Skip to main content
Submit a Course
Spring Education Week
Introduction to Energy Geosciences
Geology of Wine Tasting
Industry Speaker Luncheon
Classic Golf Tournament
Mixed Golf Tournament
Road Race & Fun Run
Free Student Membership
Student Industry Field Trip
Partner with CSPG
Corporate Advantage Program
Canol Formation Oil Shale, Exhumation Charge, and Regional Geology of the Central Mackenzie, NWT
Geological Survey of Canada
April 17, 2018
Doors open 11:30am | Announcements begin at 11:45 am
Marriott Hotel, Kensington Ballroom | 110 9 Avenue SW, Calgary, AB T2G 5A6
Please note: The cut-off for ticket sales is 1:00pm, five business days before the event.April 10, 2018.
Siliceous “oil shale” of the Canol Formation is the source rock for the Norman Wells oilfield. Beyond that statement the petroleum geology of the region presents many conundrums: when was oil generated, pre-Cretaceous or Tertiary? When did it migrate? How does the regional structure relate? Where is the counterpart to the Norman Wells oilfield, and why has exploration drilling of other Devonian reefs been unsuccessful? What are the implications for unconventional resources?
Over the past 10 years at the GSC many of these questions have been considered as we have undertaken regional geological studies. A combination of palynology and organic petrology have shown how Cretaceous strata have inherited elevated thermal maturity parameters through recycling of organic matter from Devonian-Mississippian strata. We now recognize that the thermal maturity of Cretaceous strata is consistent with thermochronological data and so peak thermal conditions for Devonian source rocks were achieved prior to the Cretaceous. An exhumation model for oil migration through young fractures in the Canol Formation was developed to reconcile the structural setting and relatively old age of oil generation with the nature of the Norman Wells oilfield. The unique rheology of the Canol Formation is attributed to the lithology being very organic- and chert-rich.
The exhumation model predicts certain features of the Canol Formation that were tested. Organic petrology of a Canol Formation surface sample collected adjacent to a fault shows that microfractures are filled with live hydrocarbons. Mapping of Rock-Eval data shows that there are S1 and S1/TOC positive anomalies that are spatially associated with faults. This is also shown in cross-plots of S1/TOC vs. distance to known faults. We interpret that the elevated S1 and S1/TOC measurements are due to migrated hydrocarbons hosted within microfractures of the Canol Formation. The resulting conclusion is that fractures and microfractures sympathetic to regional faults that were active in latest Tertiary have formed in the Canol formation and have thereby localized oil migration in the vicinity of major faults. This explains why exploration drilling of undisturbed Devonian reefs draped and sealed by the Canol and Imperial formations has not yielded a counterpart to Normal Wells in the Central Mackenzie, they lack the charge mechanism, and provides an updated picture of the distribution of hydrocarbons in the Canol Formation.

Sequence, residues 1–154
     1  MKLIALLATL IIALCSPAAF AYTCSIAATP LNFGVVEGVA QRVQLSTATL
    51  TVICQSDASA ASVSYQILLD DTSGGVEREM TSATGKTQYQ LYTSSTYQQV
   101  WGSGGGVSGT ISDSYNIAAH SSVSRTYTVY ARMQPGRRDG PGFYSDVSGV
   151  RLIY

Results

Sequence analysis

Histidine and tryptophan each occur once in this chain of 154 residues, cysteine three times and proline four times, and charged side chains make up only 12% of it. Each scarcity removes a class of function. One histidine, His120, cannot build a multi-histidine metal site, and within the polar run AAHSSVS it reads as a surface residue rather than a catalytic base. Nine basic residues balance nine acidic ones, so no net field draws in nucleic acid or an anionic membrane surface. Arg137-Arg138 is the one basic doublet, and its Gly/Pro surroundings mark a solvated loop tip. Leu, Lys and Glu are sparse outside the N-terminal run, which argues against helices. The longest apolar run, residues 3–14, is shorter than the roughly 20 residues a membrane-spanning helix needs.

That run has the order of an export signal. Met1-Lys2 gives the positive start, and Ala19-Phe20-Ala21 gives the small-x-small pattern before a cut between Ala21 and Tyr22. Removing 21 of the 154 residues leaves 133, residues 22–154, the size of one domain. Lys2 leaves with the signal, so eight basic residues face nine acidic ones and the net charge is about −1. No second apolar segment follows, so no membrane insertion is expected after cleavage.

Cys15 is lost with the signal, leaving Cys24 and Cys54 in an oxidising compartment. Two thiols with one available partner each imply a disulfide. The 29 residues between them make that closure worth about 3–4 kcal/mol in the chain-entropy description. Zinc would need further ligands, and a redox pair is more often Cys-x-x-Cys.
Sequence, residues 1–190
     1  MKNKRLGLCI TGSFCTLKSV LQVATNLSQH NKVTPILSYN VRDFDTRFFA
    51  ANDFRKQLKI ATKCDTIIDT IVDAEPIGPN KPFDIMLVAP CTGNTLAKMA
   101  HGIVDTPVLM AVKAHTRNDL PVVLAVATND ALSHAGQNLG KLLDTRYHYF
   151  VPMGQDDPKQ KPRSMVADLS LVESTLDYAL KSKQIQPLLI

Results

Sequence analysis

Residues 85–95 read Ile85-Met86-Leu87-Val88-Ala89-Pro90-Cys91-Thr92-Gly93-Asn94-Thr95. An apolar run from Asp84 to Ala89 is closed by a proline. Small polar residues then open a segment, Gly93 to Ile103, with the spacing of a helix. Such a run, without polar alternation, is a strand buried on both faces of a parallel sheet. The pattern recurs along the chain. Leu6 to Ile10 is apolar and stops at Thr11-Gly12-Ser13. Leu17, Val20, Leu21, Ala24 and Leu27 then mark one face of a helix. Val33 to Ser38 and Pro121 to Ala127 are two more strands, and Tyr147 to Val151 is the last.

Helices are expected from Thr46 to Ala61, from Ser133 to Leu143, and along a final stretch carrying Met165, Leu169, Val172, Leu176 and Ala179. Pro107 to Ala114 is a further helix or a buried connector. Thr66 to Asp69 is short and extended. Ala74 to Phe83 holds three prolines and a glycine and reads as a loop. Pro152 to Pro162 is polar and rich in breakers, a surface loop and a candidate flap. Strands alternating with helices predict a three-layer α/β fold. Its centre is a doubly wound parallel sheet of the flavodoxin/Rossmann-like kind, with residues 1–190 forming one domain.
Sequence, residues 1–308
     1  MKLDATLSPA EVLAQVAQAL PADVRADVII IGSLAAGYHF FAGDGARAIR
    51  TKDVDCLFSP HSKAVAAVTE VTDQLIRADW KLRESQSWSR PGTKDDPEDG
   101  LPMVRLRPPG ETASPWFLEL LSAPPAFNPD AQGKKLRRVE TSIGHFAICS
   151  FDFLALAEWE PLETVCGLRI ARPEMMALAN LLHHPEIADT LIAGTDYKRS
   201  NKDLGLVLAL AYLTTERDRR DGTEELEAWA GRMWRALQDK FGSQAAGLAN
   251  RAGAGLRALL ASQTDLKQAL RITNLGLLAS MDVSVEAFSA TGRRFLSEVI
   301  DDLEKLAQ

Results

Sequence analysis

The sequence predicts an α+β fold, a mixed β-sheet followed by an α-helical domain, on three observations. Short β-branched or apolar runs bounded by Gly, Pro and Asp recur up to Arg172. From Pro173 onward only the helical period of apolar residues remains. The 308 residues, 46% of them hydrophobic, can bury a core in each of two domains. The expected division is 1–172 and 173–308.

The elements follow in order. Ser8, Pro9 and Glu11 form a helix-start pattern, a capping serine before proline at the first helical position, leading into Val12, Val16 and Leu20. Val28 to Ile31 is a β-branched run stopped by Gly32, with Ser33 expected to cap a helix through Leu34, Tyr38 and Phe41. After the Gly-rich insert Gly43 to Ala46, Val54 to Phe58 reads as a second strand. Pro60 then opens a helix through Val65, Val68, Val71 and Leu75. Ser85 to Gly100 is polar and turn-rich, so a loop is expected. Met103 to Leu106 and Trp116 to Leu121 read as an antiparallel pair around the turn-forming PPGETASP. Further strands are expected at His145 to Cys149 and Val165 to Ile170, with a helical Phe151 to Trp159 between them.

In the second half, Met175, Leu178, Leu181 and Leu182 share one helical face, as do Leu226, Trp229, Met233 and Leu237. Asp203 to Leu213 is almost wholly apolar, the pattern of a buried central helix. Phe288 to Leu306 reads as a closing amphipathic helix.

Durbano, A.M., Hadlari, T., Fallas, K., and Jiang, C., 2017. Combined depth and S1 maps from Rock-Eval 6/TOC data of the Canol Formation, northern Mackenzie Valley, Northwest Territories; Geological Survey of Canada, Open File 8206.
Thomas Hadlari has a B.Sc. in geology from the University of Saskatchewan (1998) and a Ph.D. from Carleton University (2005). He works for the Geological Survey of Canada studying a variety of sedimentary basins in northern Canada, from the northern Cordillera to the High Arctic. The overarching theme of his research is the integration of tectonics and the sedimentary record.